Net National Product - NNP

What is the 'Net National Product - NNP'

The net national product (NNP) is the monetary value of finished goods and services produced by a country's citizens, whether overseas or resident, in the time period being measured (i.e., the gross national product, or GNP) minus the amount of GNP required to purchase new goods to maintain existing stock (i.e., depreciation). Alternatively, the NNP can be calculated as total payroll compensation plus net indirect tax on current production plus operating surpluses.

BREAKING DOWN 'Net National Product - NNP'

NNP is the amount of goods that can be consumed within a nation each year without reducing the amount that can be consumed in following years.

NNP provides an expression of the net value of the goods and services a nation has produced during a specific time, often examined on an annual basis as a way to measure a nation’s success in continuing minimum production standards. The NNP is expressed in the currency of the nation it represents. In the United States, the NNP would be expressed as a dollar amount, whereas it would be expressed in euro for EU member nations, such as Belgium.

The NNP can be extrapolated from the GNP by subtracting the depreciation of any assets, also known as the capital consumption allowance, from its total. The depreciation of asset's figure is determined by assessing the loss of value of assets attributed to normal use and aging. The relationship between a nation's GNP and NNP is similar to the relationship between its gross domestic product (GDP) and net domestic product (NDP).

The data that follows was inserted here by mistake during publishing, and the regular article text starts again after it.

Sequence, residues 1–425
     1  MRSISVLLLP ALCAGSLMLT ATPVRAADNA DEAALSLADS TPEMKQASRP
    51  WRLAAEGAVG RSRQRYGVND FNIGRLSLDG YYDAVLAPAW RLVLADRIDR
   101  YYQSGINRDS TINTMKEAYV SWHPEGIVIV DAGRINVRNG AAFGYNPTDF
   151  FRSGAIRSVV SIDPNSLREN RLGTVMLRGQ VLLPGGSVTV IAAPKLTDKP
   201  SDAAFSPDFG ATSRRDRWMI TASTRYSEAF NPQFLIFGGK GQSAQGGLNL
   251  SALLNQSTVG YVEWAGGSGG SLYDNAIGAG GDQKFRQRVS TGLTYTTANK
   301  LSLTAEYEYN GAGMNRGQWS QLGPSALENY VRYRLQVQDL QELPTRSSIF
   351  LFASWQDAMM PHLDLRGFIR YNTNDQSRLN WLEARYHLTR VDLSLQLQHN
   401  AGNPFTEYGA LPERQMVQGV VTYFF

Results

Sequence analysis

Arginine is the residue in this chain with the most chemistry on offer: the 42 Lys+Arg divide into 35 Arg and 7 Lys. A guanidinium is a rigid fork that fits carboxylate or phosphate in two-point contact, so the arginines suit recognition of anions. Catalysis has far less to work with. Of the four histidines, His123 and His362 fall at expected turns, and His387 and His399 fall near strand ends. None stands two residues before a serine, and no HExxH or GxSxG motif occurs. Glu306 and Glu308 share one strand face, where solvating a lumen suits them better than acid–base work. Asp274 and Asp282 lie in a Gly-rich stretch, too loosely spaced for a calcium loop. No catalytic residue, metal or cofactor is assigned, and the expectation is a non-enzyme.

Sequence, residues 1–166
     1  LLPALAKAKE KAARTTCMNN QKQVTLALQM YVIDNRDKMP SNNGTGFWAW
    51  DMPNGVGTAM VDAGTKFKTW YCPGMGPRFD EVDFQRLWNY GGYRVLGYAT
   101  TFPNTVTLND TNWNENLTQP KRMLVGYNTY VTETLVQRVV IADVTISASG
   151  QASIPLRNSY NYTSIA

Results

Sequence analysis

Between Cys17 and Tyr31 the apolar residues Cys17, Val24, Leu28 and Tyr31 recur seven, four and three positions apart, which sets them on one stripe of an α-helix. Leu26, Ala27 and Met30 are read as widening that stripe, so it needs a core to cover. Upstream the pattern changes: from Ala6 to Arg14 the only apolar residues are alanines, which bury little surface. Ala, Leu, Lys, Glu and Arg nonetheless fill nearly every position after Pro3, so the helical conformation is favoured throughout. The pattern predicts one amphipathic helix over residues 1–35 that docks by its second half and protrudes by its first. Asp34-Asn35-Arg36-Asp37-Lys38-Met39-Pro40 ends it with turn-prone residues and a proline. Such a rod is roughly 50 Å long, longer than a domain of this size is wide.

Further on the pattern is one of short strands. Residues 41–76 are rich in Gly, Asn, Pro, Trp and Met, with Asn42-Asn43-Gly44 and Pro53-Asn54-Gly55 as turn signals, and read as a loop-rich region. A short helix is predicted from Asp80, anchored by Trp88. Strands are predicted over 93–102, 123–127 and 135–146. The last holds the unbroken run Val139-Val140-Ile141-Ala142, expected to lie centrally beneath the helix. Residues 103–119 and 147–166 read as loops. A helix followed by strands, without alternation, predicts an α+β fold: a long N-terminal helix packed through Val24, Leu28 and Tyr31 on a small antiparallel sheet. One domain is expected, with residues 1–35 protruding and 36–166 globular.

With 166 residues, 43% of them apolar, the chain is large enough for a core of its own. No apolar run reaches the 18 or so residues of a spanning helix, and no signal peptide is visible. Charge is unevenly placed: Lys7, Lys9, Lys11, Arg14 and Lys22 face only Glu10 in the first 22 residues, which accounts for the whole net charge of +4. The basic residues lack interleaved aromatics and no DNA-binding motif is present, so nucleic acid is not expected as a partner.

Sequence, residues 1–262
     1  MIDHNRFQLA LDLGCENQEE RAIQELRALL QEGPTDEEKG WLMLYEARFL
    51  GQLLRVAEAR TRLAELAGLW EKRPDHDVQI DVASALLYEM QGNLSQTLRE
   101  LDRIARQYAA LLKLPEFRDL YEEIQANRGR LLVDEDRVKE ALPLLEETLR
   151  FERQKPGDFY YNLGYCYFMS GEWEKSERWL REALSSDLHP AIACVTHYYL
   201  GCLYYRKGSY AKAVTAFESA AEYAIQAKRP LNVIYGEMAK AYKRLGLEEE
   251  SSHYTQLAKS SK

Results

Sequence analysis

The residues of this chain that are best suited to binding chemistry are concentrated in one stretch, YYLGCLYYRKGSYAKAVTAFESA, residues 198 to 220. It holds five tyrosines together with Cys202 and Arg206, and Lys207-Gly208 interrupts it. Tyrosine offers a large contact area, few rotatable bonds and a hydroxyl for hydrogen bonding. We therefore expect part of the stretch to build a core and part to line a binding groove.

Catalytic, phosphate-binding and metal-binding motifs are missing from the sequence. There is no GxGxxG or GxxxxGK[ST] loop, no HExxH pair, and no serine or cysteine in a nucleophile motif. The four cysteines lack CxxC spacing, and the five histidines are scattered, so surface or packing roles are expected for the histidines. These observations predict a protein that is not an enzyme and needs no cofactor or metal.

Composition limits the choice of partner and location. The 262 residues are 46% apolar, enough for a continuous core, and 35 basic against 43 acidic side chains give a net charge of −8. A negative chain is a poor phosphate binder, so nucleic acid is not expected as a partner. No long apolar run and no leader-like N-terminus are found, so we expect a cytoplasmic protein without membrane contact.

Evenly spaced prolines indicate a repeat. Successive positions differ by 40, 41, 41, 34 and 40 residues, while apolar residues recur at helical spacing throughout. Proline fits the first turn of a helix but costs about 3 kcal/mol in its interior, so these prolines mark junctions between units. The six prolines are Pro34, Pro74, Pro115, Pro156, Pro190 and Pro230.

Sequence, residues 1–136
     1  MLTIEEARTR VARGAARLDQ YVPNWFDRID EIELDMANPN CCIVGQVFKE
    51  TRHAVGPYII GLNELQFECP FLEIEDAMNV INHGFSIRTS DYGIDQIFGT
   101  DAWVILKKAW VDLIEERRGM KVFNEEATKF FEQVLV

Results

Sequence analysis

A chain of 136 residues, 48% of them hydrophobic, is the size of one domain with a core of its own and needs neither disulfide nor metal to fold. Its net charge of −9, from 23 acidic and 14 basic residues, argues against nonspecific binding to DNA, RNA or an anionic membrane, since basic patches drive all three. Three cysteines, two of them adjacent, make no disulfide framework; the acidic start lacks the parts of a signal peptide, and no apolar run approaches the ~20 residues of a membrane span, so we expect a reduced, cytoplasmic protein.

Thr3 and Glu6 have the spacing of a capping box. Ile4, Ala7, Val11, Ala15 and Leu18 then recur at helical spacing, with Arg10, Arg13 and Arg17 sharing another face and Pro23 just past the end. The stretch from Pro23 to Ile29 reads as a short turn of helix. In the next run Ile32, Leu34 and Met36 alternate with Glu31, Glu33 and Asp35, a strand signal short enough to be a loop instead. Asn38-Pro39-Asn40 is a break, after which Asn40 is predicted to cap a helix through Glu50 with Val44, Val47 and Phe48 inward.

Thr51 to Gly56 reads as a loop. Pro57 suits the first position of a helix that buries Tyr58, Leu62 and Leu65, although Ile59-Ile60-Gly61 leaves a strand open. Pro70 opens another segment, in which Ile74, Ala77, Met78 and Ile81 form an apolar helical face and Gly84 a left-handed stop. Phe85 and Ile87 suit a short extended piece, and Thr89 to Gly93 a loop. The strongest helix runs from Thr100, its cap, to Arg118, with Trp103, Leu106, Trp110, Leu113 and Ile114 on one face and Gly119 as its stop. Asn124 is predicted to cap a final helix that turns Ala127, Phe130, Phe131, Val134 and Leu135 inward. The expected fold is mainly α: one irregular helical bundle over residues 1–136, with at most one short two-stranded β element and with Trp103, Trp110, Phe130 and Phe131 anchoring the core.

Understanding the Capital Consumption Allowance

The capital consumption allowance provides a mechanism to measure the need to replace certain assets and resources to maintain a specified level of national productivity. It is generally divided into two categories: physical capital and human capital.

Physical capital can include real estate, machinery or any other tangible resource used in the production of goods and services aside from the human element. Human capital covers the skills, knowledge and abilities of a workforce to produce goods and services, as well as the necessary training or education that may be required to maintain production standards.

Physical capital experiences depreciation based on physical wear and tear, while human capital experiences depreciation based on workforce turnover.

Net National Product and Environmental Economics

The NNP has particular usefulness in terms of environmental economics. It provides a model relating to the depletion of natural resources, and it may be used to determine whether certain activities are sustainable within a particular environment.